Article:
|"The complete review's Review:
Feyerabend's text, Against Method: Outline of an Anarchistic Theory of
Knowledge, remains among the more contentious and influential philosophical
works of the past decades. Feyerabend was already a well-known philosopher of science by
the time it first appeared in essay form (1970; the book version was published 1975), a
one-time student and sometime follower of Karl Popper at the London School of Economics,
and a lecturer (and then professor) at Berkeley since 1958.
A free spirit in mind and action, he moved radically away from Popperian theories of
scientific progress and formulated an anarchic theory of his own. His approach has -- somewhat too simplistically -- been reduced to the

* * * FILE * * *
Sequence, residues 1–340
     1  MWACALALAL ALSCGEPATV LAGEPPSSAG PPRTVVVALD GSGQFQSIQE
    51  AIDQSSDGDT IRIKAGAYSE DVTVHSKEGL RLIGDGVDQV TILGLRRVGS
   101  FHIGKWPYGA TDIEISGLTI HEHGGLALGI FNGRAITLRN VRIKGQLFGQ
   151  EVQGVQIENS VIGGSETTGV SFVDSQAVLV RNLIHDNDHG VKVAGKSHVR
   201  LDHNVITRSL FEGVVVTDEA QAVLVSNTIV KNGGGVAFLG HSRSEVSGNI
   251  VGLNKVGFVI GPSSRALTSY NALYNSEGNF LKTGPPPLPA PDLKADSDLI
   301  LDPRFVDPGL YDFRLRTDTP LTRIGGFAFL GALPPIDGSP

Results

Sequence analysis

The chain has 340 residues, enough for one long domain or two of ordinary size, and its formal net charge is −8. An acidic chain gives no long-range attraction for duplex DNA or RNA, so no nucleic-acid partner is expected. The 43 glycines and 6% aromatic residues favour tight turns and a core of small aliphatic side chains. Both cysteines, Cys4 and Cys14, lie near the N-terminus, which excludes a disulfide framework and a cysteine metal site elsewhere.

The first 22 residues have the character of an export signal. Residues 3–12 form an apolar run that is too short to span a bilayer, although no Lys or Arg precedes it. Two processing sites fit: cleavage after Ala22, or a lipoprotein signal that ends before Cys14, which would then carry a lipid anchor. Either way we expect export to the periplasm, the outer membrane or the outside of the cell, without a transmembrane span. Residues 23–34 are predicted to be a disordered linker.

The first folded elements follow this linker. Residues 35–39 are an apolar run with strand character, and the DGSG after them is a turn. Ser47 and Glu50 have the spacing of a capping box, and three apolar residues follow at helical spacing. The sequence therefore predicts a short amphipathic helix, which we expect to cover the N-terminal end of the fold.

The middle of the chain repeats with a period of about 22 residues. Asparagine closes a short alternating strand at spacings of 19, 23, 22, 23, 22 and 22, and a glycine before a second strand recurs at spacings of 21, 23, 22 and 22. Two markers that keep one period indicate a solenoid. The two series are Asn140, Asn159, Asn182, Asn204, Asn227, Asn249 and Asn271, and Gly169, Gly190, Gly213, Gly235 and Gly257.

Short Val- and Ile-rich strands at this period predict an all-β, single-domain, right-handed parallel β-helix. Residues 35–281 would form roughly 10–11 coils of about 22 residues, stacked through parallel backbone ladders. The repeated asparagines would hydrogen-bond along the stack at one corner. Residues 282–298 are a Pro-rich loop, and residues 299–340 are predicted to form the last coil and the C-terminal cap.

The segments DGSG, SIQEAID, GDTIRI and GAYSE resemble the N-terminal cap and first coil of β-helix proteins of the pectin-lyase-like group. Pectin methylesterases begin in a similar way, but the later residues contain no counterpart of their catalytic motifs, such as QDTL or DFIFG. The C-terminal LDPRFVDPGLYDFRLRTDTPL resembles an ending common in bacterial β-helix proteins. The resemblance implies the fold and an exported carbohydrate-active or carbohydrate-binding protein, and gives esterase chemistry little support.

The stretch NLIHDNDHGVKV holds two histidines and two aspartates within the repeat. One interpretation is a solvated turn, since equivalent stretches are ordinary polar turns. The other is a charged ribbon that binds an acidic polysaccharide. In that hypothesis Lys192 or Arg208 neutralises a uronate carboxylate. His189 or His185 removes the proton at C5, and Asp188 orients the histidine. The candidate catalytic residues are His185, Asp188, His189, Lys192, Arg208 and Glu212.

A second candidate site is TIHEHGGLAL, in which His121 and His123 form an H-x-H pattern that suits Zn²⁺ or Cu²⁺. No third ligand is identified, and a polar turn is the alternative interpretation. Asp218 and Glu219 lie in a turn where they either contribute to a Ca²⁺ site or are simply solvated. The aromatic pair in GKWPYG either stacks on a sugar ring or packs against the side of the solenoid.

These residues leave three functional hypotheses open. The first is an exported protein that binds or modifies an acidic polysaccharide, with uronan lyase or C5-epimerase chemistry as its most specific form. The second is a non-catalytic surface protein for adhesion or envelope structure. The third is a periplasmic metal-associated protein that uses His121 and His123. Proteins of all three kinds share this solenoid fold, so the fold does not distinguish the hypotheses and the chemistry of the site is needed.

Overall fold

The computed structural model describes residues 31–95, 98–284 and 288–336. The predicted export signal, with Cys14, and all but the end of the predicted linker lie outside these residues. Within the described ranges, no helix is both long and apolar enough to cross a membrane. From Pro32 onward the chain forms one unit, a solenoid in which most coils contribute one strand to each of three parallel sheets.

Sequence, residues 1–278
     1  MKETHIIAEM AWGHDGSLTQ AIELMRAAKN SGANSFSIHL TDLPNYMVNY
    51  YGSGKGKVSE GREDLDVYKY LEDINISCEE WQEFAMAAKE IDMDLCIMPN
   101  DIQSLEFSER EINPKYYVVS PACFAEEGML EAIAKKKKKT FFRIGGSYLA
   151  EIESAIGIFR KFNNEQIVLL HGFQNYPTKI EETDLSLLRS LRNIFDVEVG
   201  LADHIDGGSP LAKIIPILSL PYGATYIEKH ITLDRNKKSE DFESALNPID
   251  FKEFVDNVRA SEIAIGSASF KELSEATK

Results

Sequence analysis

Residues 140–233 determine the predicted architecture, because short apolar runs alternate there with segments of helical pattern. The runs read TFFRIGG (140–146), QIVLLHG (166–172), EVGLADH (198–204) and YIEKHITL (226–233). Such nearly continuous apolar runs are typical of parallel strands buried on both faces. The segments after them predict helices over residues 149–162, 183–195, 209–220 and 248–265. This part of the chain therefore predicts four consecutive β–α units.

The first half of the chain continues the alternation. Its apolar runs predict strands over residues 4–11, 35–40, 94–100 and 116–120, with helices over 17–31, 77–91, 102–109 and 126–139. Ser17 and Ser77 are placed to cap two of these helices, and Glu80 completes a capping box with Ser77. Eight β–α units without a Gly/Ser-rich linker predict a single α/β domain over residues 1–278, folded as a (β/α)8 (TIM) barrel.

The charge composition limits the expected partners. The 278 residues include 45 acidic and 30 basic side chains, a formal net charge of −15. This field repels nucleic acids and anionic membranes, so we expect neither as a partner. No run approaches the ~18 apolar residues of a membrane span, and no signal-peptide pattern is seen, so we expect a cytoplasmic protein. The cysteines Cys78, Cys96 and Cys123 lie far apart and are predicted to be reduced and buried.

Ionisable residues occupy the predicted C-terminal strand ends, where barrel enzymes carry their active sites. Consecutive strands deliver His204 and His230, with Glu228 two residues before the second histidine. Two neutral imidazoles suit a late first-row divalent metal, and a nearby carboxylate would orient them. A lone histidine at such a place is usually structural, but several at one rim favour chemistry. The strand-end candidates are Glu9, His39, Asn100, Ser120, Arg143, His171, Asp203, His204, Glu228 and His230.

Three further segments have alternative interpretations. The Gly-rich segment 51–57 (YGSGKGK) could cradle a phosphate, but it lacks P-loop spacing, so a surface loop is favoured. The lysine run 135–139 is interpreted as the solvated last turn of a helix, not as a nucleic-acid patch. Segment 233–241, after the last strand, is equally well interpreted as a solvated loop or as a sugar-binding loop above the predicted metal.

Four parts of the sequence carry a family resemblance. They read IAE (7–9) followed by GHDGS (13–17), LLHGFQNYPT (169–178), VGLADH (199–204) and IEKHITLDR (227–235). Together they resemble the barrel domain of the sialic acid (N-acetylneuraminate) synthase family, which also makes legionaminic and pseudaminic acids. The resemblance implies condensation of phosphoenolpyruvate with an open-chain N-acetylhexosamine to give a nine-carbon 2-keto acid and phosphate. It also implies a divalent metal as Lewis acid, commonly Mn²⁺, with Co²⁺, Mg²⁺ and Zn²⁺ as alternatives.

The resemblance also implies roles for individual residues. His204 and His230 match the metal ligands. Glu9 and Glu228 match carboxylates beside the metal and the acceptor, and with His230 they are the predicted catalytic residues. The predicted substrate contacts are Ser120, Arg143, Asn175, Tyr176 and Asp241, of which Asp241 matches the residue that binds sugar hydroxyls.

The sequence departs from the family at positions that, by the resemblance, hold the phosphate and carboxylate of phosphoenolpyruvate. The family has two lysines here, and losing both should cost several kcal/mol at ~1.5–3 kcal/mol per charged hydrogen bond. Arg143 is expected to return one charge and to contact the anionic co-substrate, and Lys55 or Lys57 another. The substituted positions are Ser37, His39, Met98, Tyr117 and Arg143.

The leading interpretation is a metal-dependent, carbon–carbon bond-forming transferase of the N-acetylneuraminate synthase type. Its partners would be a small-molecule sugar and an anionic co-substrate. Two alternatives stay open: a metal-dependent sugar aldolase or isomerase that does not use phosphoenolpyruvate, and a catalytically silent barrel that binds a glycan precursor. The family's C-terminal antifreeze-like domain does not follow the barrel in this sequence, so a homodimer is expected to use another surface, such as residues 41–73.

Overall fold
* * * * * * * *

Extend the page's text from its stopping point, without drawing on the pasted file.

idea of: "Anything goes." (Though, in fact, he expressly states that
"'anything goes' does not express any conviction of mine".)
Feyerabend argued "against method,"
insisting that science must be far more open and willing to examine all possibilities --
none of which were, per se, better than any other. It made for a fun class he
taught, especially in the tumultuous late-60s, as he took to inviting Creationists,
Darwinists, witches, and anyone else with an opinion to spar in front of his students --
scenes that are nicely described both in his autobiography (Killing Time) and in many of
the letters to Imre Lakatos included in this volume. "